Matt Hancock says he is not aiming for a ‘zero-Covid’ Britain

‘We’re going to have a great summer,' predicts ‘optimistic’ health secretary

Andrew Woodcock
Political Editor
Thursday 07 January 2021 08:02
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Around 1 in 50 people in England have Covid, Whitty says

The government is not aiming for a “zero-Covid” Britain, health secretary Matt Hancock has said.

Mr Hancock said that eradication of the disease was “impossible” and the goal instead should be to reduce it to “manageable” proportions.

His comments, in an interview with The Spectator, came after chief medical officer Chris Whitty warned that even after a successful vaccination campaign, there could be a need for social restrictions to prevent another wave of the virus next winter.

Despite a rising UK death toll which topped 1,000 on Wednesday, Mr Hancock insisted he was “optimistic” about the course of the pandemic once millions of people get their jabs.

“We’ve got the light at the end of the tunnel and it’s getting brighter,” he said.

“Of course, we’ve got a difficult time between now and then but the vaccine is going to get us out of it. We are going to have a great summer.”

But he said that the public should not expect the threat of coronavirus to be eliminated forever.

“It is impossible for any country to deliver a zero-Covid strategy,” he said. “No country in the world has delivered that, including the ones that have aimed at it.

“Covid is going to be here, but it is going to be a manageable risk.”

Lifting lockdown restrictions will be dependent not on protecting the entire population from Covid-19 through vaccinations, but on ensuring that those most at risk from severe ill-health or death are inoculated against the disease, he said.

When Covid hospital cases fall and pressure on the NHS is lifted, “that is the point at which we can look to lift the restrictions”, said Mr Hancock.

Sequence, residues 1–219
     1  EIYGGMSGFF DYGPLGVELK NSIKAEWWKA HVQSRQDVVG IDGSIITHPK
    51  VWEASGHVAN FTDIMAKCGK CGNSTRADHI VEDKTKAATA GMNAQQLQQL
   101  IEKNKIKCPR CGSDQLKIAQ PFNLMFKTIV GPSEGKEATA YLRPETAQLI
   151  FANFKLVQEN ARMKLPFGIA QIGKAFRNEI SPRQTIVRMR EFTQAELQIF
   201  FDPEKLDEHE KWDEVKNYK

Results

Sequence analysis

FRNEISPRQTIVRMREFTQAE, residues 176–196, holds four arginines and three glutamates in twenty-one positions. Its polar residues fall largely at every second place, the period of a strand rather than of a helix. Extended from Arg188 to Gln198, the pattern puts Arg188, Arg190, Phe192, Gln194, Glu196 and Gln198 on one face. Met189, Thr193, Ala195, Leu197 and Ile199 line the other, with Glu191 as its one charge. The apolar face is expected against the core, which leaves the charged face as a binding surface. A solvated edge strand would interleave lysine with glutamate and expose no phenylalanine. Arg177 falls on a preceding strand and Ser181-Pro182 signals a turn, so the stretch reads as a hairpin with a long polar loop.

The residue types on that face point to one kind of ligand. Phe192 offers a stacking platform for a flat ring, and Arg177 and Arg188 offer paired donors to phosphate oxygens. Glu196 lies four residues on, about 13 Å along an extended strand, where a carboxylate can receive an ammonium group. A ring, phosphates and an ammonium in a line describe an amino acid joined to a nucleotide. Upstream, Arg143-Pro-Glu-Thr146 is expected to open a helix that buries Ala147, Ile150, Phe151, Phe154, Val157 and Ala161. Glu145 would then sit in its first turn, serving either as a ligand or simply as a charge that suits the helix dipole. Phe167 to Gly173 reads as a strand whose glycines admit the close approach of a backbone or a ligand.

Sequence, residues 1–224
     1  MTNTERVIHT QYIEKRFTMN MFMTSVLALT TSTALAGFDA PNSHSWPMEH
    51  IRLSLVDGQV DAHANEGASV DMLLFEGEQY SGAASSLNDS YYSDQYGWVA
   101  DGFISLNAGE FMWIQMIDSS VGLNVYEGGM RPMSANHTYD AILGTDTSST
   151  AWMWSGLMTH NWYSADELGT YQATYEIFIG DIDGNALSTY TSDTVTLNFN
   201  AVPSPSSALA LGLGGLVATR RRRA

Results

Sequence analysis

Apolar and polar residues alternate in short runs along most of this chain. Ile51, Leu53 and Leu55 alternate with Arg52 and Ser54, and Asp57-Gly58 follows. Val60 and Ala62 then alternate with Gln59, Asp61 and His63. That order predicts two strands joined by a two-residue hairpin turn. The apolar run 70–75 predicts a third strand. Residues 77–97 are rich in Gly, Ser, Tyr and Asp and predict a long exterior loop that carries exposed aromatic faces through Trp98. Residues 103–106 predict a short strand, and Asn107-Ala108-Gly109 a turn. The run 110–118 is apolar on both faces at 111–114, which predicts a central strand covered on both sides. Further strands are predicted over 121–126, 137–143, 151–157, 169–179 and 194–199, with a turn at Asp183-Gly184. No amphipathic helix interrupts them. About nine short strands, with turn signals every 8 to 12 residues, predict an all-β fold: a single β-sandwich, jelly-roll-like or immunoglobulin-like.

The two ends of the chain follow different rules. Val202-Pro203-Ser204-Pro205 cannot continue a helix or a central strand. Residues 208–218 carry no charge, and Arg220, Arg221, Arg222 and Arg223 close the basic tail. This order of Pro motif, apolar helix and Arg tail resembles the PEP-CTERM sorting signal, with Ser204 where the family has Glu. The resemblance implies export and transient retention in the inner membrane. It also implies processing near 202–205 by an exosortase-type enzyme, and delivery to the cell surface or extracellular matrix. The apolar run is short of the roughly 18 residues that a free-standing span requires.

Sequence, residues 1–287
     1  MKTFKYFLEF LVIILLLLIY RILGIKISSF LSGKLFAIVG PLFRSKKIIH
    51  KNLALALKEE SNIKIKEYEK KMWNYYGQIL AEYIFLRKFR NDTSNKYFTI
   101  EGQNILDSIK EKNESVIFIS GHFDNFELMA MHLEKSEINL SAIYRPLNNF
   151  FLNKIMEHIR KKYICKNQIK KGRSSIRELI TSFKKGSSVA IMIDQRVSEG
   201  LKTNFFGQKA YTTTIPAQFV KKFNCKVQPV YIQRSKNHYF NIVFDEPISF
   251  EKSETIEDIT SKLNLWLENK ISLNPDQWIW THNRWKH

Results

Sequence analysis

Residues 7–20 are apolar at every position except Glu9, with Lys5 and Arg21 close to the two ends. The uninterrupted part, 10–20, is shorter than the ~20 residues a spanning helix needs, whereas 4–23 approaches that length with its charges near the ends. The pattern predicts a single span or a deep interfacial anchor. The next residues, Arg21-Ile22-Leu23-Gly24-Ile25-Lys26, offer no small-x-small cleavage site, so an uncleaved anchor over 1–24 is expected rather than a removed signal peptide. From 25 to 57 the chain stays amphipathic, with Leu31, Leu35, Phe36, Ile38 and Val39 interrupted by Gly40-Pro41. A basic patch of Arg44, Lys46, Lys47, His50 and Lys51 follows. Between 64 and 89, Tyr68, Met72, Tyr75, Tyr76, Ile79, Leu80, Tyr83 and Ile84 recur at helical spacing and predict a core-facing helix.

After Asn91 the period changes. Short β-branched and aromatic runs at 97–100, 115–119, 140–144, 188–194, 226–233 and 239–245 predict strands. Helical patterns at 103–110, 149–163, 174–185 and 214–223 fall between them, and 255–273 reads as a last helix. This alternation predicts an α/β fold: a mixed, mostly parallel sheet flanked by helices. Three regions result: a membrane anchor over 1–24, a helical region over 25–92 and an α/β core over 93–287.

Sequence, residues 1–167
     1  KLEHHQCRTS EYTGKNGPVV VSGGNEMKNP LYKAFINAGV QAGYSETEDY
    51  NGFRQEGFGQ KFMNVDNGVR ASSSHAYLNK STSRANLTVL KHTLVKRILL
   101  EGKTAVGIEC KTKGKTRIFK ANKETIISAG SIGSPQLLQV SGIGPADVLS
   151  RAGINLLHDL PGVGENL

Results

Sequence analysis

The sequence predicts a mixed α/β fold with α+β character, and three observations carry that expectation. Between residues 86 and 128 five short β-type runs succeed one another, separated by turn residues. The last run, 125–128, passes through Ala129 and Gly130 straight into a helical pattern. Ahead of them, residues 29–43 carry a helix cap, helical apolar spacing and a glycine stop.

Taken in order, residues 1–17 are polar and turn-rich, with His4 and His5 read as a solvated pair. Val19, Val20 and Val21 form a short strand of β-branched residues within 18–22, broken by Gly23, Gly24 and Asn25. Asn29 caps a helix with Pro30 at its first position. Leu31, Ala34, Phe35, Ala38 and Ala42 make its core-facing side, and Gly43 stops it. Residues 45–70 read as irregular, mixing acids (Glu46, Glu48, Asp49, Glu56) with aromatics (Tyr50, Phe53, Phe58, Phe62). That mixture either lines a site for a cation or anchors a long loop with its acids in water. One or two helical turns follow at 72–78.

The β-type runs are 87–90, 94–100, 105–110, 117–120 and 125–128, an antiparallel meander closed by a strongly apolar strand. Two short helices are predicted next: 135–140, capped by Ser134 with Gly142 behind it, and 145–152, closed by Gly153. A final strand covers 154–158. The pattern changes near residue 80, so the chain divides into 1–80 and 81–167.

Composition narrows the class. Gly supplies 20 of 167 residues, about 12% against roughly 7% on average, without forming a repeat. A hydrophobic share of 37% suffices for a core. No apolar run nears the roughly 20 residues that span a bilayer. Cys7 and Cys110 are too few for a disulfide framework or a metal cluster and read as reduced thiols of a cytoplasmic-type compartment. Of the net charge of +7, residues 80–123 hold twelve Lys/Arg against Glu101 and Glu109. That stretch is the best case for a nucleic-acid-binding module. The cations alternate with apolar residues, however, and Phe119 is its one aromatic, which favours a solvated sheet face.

“The goal is not to ensure that we vaccinate the whole population before that point, it is to vaccinate those who are vulnerable. Then that’s the moment at which we can carefully start to lift the restrictions.”

Boris Johnson has set a target of vaccinating 13 million people who are over 70, ‘clinically extremely vulnerable' or care workers by mid-February, in a campaign which advisers have suggested will cut hospitalisations by 99 per cent.

Even though a majority of Britons will still have no immunity at that point, Mr Hancock said it would nonetheless be time to “cry freedom”.

It was “wonderful” that a quarter of over-80s have already had their first dose, he said, because it meant that - in two or three weeks time, when their protection begins - the number of potential deaths should be reduced by one-eighth at a stroke.

“About half of the deaths occur in people aged over 80,” he said. “But a quarter of the population aged over 80 have already had their first dose. That’s a wonderful statistic, because that means that a quarter of the people who are most likely to die have already been vaccinated.’

“That is the route out — to see the breaking of the link between cases and the hospitalisations and deaths that have, until now, followed with ruthless inevitability.”

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